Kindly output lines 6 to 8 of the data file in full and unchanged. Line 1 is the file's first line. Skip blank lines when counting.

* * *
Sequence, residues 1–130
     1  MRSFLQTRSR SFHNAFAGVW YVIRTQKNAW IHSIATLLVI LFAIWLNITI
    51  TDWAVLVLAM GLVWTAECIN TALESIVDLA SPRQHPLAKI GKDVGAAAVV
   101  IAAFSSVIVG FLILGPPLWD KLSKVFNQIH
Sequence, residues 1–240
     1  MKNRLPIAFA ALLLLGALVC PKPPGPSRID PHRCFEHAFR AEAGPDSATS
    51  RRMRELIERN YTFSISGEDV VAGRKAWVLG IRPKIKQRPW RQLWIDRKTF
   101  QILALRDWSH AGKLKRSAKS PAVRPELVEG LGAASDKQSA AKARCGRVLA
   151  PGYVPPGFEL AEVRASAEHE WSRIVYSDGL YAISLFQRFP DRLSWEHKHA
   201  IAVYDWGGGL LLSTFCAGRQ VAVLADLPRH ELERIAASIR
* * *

     1  MKNRLPIAFA ALLLLGALVC PKPPGPSRID PHRCFEHAFR AEAGPDSATS
    51  RRMRELIERN YTFSISGEDV VAGRKAWVLG IRPKIKQRPW RQLWIDRKTF
   101  QILALRDWSH AGKLKRSAKS PAVRPELVEG LGAASDKQSA AKARCGRVLA